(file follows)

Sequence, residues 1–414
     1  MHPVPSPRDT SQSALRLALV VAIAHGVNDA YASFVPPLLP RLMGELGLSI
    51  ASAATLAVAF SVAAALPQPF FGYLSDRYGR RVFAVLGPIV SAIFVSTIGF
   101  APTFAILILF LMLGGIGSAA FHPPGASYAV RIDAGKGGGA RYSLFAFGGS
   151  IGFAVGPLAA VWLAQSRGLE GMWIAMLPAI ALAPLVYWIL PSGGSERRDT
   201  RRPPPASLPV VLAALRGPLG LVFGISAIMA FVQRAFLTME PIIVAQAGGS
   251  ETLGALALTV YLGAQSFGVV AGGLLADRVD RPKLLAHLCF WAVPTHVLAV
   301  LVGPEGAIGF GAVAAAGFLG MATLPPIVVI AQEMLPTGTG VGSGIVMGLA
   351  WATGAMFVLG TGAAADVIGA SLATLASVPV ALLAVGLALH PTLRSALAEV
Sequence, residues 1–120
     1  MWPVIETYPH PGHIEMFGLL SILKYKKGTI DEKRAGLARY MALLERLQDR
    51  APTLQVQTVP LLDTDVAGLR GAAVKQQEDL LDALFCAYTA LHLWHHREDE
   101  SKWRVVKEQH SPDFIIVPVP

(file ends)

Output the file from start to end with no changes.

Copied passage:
Sequence, residues 1–414
     1  MHPVPSPRDT SQSALRLALV VAIAHGVNDA YASFVPPLLP RLMGELGLSI
    51  ASAATLAVAF SVAAALPQPF FGYLSDRYGR RVFAVLGPIV SAIFVSTIGF
   101  APTFAILILF LMLGGIGSAA FHPPGASYAV RIDAGKGGGA RYSLFAFGGS
   151  IGFAVGPLAA VWLAQSRGLE GMWIAMLPAI ALAPLVYWIL PSGGSERRDT
   201  RRPPPASLPV VLAALRGPLG LVFGISAIMA FVQRAFLTME PIIVAQAGGS
   251  ETLGALALTV YLGAQSFGVV AGGLLADRVD RPKLLAHLCF WAVPTHVLAV
   301  LVGPEGAIGF GAVAAAGFLG MATLPPIVVI AQEMLPTGTG VGSGIVMGLA
   351  WATGAMFVLG TGAAADVIGA SLATLASVPV ALLAVGLALH PTLRSALAEV
Sequence, residues 1–120
     1  MWPVIETYPH PGHIEMFGLL SILKYKKGTI DEKRAGLARY MALLERLQDR
    51  APTLQVQTVP LLDTDVAGLR GAAVKQQEDL LDALFCAYTA LHLWHHREDE
   101  SKWRVVKEQH SPDFIIVPVP